But unfortunately the company got into financial difficulties and the government would not fund 100% of the research, so, as Head of the Bio-Lab and a complete novice in business affairs, she was asked to go out into the world and seek investment partners. This took her into close contact with the marketing departments of the top UK and US companies in the field of automated analysis for medical technology, and she learned rather quickly that due to poor marketing knowledge her company was now building a white elephant – the market had moved on from multi-test analysis to small modular machines and beyond. And her love of marketing and the challenges presented by the fluidity of markets was born.

After a quick general management course to learn the ‘jargon’ of business, she set up as a consultant in order to create instant ‘experience’ in as many firms as possible, and due to having excellent connections she secured market-oriented jobs with some of the bigger medical companies in UK, including Vickers Medical in 1979. This led to her becoming Head of the Isolation Products Business of Vickers which in turn led her to Moscow in 1980, and her interest in doing business in Communist Countries was born. During this period she also travelled extensively – to Japan, Australia, South Africa, USA and throughout Europe, doing business and participating in Medical Conferences.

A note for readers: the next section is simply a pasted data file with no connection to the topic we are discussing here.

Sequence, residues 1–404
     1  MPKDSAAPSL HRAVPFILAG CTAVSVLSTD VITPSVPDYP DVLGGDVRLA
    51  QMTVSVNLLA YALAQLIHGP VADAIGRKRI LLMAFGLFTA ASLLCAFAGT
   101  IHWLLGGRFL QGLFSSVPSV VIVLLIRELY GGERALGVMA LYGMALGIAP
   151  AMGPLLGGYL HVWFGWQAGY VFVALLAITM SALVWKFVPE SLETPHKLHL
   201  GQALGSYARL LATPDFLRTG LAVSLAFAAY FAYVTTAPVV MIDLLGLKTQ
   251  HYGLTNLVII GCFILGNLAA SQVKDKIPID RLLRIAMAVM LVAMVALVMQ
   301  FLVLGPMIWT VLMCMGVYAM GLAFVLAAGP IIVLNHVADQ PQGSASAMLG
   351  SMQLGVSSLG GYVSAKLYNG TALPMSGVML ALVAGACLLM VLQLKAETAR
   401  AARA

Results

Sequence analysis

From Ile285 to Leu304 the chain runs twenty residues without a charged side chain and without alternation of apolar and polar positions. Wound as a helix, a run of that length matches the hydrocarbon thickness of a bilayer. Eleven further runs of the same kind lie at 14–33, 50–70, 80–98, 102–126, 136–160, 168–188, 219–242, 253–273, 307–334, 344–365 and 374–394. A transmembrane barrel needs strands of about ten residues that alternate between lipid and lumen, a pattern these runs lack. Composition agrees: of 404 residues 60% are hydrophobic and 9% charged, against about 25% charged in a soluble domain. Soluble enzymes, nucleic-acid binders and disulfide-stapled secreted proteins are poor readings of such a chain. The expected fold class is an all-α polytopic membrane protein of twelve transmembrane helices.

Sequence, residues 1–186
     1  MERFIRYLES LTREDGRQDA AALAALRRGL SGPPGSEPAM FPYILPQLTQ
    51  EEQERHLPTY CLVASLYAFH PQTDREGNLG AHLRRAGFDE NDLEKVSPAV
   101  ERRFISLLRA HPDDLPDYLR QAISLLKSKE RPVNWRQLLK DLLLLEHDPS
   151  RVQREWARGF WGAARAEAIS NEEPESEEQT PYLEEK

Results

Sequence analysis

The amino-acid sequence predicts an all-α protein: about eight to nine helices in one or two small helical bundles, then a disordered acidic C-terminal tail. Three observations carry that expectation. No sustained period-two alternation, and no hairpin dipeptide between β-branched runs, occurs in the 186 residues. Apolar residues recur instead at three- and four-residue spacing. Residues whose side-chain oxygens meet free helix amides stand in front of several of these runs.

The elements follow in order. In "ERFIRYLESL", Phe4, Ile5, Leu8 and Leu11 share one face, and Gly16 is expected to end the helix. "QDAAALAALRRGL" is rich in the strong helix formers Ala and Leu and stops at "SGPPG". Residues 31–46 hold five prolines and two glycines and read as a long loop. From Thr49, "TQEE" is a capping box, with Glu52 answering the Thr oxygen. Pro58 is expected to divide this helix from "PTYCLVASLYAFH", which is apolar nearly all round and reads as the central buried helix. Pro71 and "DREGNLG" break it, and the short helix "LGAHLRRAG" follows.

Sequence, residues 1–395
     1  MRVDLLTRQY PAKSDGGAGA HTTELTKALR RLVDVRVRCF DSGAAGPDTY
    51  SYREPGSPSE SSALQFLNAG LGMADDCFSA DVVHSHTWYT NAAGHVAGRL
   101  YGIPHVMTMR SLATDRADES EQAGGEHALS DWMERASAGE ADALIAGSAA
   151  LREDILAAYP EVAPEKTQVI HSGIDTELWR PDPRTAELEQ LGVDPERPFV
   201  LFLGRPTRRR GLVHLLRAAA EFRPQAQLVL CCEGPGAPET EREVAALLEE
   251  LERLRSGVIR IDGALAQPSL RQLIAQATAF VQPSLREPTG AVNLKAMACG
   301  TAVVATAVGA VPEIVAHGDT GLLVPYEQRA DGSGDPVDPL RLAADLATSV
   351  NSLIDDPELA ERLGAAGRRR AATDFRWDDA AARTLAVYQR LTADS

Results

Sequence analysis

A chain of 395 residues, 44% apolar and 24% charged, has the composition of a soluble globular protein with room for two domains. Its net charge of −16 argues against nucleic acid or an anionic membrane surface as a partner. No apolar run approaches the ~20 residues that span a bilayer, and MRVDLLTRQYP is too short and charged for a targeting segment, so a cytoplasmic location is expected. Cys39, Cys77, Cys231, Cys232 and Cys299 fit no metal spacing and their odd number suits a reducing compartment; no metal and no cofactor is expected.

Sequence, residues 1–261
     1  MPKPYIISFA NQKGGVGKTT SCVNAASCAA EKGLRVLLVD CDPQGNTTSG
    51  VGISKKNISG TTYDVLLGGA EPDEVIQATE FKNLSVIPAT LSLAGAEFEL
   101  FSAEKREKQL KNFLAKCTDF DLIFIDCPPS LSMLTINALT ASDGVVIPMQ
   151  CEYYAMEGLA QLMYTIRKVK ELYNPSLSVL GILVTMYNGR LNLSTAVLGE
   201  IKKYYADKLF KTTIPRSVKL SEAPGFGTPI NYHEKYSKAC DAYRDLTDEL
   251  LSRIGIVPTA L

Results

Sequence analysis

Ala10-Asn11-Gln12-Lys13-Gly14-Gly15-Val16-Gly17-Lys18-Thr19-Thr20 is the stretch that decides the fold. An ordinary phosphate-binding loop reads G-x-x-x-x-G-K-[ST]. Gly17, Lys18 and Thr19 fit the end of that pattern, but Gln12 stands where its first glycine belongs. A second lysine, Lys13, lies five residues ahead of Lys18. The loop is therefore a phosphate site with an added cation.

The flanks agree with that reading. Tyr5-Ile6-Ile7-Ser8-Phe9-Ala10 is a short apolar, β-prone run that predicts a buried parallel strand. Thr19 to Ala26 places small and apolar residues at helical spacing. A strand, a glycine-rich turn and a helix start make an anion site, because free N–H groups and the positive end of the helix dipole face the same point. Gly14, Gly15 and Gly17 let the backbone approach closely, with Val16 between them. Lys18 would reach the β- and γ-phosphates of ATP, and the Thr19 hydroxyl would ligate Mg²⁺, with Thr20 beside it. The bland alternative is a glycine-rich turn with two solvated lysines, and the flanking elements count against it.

She set up her own company in 1987, which grew rapidly, took in many different industries – a lamp manufacturing equipment business based in UK, a pharmaceutical distribution business based in Bulgaria, an international project holding business based in UK, and a trading business based in UK, Moscow and Sofia, and others. Thus she saw the collapse of communism first hand, and the after-effects, especially in Bulgaria. Her holding company was wound up in 1997 following an expensive legal dispute with the new owner of the lamp equipment company which was sold in 1995, and Barbara took up consultancy in various roles – including interim management for two network marketing companies, various international marketing assignments in Bulgaria and US, and more recently working with Bulgarian and EU Organisations on the proper utilisation of EU Funds.

Hers is thus a life of many lives rolled into one; Scientific Researcher, Business Owner, Consultant; Working Class Kid, Social Butterfly, Respected Public Speaker; Happy Family Person, Breadwinner, Divorcee after 21 years’ marriage to Jim, Divorcee again after 12 years’ marriage to Antony in 1993; Always in a man’s world, yet ultimately a woman’s woman; English by birth, yet lives in Bulgaria and loves the Nevada Desert; Alternately financially insecure, secure, insecure etc., or as she says “sometimes broke, always rich”; and above all a person who is happy and makes happiness, accepting with a natural gratitude and a certain humility what life brings along, and making the best of it; a Libran through and through, for whom balance in all things is paramount.